By Donnie DeSanti
With the ever-increasing awareness around sugar and our health, somehow along the way fruit has been getting a bad rap as well. Many so-called health experts are saying sugar is sugar and the sugar in fruit is no different. We can all benefit from reducing the amount of sugar in our diet, but are our health issues really stemming from eating too many apples? Let’s take a step back and give an honest look at fruit.
It’s true, fruits do contain sugar – a naturally occurring sugar called fructose. This sugar is broken down by the body and converted into glucose, which is later used for energy. This is important, as our body and brain need glucose to function. Some people who are advocates of the ketogenic diet would say otherwise, but that is another conversation. However the sugar in fruit is not the same as the sugar found in candy. More importantly is the co-factors that are involved in a piece of fruit. We are literally talking about apples and oranges here.
Let’s take a doughnut, for example – it is going to have much higher sugar levels for starters. Plus, it contains a whole host of other processed ingredients that the body will not recognize. When we look at fruits, yes there are low levels of fructose, but fructose is not in the same ballpark as the highly addictive, toxic ingredient known as high fructose corn syrup. This is the ingredient linked to obesity and a driver for inflammation.
Fruit also contains other beneficial ingredients such as vitamins, minerals, and more importantly antioxidants. I know this has been a big buzzword in the last few years, but antioxidants are important. They are compounds that inhibit oxidation in the body. Oxidation is a chemical reaction that produces free radicals that may lead to cellular damage. Ultimately that is what cancer is, cellular malfunction. Picture the metal on your car; through wear and tear that metal starts to rust, or oxidize. A similar thing happens to the cells in our body over time. Taking in antioxidants can help slow down or even halt the process. Quite frankly antioxidants are necessary for overall health. To discard fruit from our diet is to miss out!
Here are a few ways to optimize fruit for better health:
Eat Not Drink: Some people believe drinking fruit juices is the same as eating fruit, but this is not the same. Many fruit juices are overly processed with concentrates that can contain other chemicals and additives to give it a certain color or taste. Plus, fruit juices are void of any fiber, which can speed up the spike in insulin levels in your body. The fiber in fruit slows this process down resulting in a more balanced blood sugar level.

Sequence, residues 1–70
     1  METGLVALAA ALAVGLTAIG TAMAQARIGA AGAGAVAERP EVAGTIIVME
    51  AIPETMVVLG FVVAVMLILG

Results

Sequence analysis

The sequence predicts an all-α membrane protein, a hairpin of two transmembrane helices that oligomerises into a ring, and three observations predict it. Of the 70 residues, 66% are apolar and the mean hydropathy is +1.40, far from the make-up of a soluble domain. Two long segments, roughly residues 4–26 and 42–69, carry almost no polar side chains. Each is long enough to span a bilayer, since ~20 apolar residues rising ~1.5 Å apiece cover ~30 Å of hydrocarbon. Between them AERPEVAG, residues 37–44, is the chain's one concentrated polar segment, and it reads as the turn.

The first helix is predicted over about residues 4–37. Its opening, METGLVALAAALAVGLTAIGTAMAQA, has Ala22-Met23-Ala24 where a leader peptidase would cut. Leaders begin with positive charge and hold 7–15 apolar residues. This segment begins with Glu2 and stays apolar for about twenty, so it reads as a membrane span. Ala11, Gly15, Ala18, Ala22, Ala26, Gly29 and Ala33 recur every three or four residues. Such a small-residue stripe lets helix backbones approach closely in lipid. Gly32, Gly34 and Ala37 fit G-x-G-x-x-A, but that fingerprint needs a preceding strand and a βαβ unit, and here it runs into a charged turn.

Low Sugar Fruit Options: If sugar is still a concern, try sticking to fruit with lower sugar content such as berries, peaches, or citrus fruits. These fruits still have a sweetness to them yet are really rich in antioxidants and immune-boosting vitamins like vitamin C.
Keep it in Season: Some dietary theories believe that eating fruit in season is more aligned with what our body needs. However, one thing is for sure, the taste and freshness are always enhanced when we eat according to the season. There is nothing quite as satisfying as eating a peach or watermelon during its peak growing season.
Organic as First Choice: One area that is not mentioned enough is the growing conditions of some of the fruit that we consume. Many of these fruits in the general produce markets are being sprayed with pesticides and herbicides. There is more research each day on the long-term effects of these toxic chemicals. When we choose organic fruit, we are choosing products that have less of these contaminates, and hopefully are grown in healthier conditions. Organic fruit may be a few dollars more but your health is worth it.
Stay away from pseudo food as well as pseudo facts about fruit. The sweet, juicy flavor of a ripe piece of fruit is literally the “nectar of the gods,” and should be consumed regularly, not just for our overall health but for our enjoyment too.
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